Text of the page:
Bunker Hill is the first known college in the country to offer general education courses at the late hour. (Clackamas Community College in Oregon began offering “graveyard’’ welding classes from 10 p.m. to 2 a.m. last spring.)

“This is one of the more unique ways community colleges are trying to serve a larger number of students,’’ Kent said. “State budgets are under stress at the same time colleges have a great number of students to serve, so it’s quite a conundrum.’’

As her class convened, O’Neill laid out the ground rules, tailored to the midnight schedule. Office hours, which normally follow her classes, would now precede them. Cellphones, which she usually does not allow, could remain on throughout class because she figured no one would be calling this late unless it were an emergency. And, of course, students would not get into trouble for nodding off.

While some students requested to be awoken with a gentle tap on the head, one student shouted from the back row: “I’d prefer you flung something at me.’’

With the late hour, O’Neill even reconsidered whether she should show video clips of psychological disorders.

“If I turn out the lights, I’m afraid we’d all pass out,’’ O’Neill said.

To keep students alert, the college provided free Colombian coffee and a variety of teas. The spread also included chocolate chip cookies, granola bars, and hard candies. Some students arrived with Mountain Dew and Dunkin’ Donuts coffee.

“I gotta make sure I don’t fall asleep on the first day,’’ said Rafael Sampaio, 20, who had downed three cups of coffee by 1 a.m., when O’Neill paused for a break.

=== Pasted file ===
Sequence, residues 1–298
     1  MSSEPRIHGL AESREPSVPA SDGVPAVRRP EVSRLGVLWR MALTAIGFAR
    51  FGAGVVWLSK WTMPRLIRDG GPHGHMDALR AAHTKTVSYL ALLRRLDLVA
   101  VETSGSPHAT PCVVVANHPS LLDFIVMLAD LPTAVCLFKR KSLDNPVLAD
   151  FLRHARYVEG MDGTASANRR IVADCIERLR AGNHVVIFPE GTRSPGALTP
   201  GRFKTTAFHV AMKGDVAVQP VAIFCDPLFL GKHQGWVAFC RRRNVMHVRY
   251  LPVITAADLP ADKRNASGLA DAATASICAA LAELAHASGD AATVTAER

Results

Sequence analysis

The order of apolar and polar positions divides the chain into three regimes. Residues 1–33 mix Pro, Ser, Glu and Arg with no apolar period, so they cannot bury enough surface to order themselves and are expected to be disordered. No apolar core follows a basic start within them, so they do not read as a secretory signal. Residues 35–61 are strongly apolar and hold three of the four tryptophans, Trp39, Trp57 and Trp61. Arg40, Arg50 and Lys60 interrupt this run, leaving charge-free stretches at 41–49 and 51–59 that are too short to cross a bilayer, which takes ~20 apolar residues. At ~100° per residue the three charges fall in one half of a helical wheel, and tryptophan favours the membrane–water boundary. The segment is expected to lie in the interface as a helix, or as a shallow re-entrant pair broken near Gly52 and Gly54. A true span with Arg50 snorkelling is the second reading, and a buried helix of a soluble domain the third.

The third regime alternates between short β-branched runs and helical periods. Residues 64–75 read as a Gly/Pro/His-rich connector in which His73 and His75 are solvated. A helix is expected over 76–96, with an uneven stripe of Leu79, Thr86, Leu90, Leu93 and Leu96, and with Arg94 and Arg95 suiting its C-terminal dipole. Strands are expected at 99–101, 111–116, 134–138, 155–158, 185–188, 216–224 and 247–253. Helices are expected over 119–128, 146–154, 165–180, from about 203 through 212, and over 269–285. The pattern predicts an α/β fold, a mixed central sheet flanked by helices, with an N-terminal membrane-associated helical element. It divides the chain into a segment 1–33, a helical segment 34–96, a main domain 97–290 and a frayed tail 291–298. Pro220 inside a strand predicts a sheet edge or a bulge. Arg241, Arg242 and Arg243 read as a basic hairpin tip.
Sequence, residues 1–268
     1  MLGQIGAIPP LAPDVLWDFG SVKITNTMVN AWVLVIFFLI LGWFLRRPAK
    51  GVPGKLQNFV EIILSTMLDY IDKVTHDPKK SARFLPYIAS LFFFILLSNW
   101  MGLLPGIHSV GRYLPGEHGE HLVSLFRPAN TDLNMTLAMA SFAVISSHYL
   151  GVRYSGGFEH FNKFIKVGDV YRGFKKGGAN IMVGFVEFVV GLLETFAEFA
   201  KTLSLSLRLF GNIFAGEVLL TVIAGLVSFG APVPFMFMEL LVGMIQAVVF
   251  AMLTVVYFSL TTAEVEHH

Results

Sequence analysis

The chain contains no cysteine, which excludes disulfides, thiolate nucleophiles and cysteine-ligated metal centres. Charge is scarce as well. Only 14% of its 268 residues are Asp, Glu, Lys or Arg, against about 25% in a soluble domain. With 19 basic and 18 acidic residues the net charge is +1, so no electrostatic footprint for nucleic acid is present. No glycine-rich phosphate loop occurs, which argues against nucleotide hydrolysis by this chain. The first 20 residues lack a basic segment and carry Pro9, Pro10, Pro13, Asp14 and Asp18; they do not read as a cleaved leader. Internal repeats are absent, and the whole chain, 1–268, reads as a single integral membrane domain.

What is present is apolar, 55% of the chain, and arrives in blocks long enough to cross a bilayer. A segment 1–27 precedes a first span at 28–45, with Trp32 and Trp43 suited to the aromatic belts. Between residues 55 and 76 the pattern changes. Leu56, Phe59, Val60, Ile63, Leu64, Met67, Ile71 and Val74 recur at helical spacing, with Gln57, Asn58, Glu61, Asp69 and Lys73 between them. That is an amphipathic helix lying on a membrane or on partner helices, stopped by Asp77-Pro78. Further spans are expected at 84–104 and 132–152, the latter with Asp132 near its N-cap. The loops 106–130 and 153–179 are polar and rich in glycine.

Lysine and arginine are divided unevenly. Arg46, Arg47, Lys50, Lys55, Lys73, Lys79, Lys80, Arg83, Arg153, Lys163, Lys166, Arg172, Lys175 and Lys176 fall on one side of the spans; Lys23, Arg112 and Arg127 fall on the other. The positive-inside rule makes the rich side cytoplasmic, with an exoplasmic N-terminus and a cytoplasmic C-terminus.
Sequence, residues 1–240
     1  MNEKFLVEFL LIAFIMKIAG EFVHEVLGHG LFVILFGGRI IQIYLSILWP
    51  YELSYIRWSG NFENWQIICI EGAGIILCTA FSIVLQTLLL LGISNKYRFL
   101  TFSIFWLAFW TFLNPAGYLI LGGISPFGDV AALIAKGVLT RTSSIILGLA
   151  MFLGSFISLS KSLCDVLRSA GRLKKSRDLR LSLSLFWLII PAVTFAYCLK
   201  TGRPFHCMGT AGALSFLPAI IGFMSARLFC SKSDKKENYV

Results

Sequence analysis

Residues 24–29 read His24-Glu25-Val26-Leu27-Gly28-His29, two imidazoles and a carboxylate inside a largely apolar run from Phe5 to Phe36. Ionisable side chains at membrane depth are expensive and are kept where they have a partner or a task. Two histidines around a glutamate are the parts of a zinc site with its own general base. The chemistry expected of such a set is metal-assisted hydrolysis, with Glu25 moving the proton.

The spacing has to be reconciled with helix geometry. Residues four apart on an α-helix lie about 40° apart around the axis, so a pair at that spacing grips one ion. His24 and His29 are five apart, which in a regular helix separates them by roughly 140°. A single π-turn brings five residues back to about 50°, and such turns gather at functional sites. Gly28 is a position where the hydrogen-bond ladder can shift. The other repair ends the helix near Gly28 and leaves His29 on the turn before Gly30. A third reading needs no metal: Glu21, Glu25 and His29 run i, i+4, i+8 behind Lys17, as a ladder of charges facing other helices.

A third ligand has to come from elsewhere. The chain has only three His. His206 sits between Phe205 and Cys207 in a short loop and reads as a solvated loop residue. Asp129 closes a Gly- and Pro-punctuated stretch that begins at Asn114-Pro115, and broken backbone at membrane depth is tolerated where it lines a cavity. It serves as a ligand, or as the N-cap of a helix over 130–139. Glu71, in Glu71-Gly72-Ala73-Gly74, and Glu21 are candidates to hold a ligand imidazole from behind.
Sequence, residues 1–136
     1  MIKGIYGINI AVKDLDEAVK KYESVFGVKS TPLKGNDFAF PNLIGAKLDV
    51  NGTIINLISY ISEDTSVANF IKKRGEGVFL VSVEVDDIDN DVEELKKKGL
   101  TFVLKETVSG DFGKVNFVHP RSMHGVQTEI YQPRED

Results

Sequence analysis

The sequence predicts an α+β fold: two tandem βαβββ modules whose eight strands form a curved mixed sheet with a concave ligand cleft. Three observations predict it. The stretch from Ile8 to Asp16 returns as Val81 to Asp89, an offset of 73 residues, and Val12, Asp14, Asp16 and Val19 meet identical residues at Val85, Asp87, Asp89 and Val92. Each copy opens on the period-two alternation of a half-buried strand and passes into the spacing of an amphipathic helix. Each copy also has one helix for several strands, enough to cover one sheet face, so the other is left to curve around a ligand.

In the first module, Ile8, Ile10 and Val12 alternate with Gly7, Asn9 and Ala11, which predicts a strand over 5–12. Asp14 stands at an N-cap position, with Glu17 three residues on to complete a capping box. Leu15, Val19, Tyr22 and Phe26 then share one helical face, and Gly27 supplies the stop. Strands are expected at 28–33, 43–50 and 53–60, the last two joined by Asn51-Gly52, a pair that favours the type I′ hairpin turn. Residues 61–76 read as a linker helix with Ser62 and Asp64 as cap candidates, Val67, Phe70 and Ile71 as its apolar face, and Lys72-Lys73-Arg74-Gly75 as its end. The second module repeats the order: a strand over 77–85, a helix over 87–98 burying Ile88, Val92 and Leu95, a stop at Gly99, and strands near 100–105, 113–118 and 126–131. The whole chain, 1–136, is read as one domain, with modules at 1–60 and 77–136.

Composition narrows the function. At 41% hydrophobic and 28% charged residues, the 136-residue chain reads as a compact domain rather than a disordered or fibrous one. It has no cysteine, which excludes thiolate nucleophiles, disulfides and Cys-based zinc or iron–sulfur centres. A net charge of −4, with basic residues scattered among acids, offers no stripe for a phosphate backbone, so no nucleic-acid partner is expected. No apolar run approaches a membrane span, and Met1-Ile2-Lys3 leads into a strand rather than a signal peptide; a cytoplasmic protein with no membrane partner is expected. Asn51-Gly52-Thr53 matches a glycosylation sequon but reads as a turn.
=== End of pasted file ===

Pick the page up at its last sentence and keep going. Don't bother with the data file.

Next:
Edwin Diaz, who double-fisted tea and coffee (with three packs of sugar), said he would readily switch all his daytime courses at Bunker Hill to midnight if the college offered more options at that hour. The 20-year-old, who works as an airport baggage handler from 3 to 11:30 a.m., said he would get more sleep if he didn’t have to go to school during the day.

Although a few students stifled yawns, not a single one dozed off. They took notes and jotted down their homework assignments. Fifteen of the 19 students gamely discussed Freudian theory, shared personal stories about obsessive-compulsive disorder and depression, and debated moral reasoning - the kind of lively late-night discussions one would imagine occurring in a dorm hallway.

John Maguire, a 41-year-old waiter who is going back to school for a business degree, said it was easy for him to stay awake because of the engaging dialogue with his new classmates.

“It’s like going to a bar, but with more intelligent conversation because no one’s drunk,’’ said Maguire, who normally works until midnight. “It’s usually 3 a.m. by the time I unwind anyway.’’

On Sunday, though, Maguire will return to Bunker Hill for an introduction to business class that starts at 9 a.m. “That’s more of a nightmare to me than this.’’

Tracy Jan can be reached at tjan@globe.com.

© Copyright 2009 Globe Newspaper Company. Reprinted from The Boston Globe of Friday, September 11, 2009.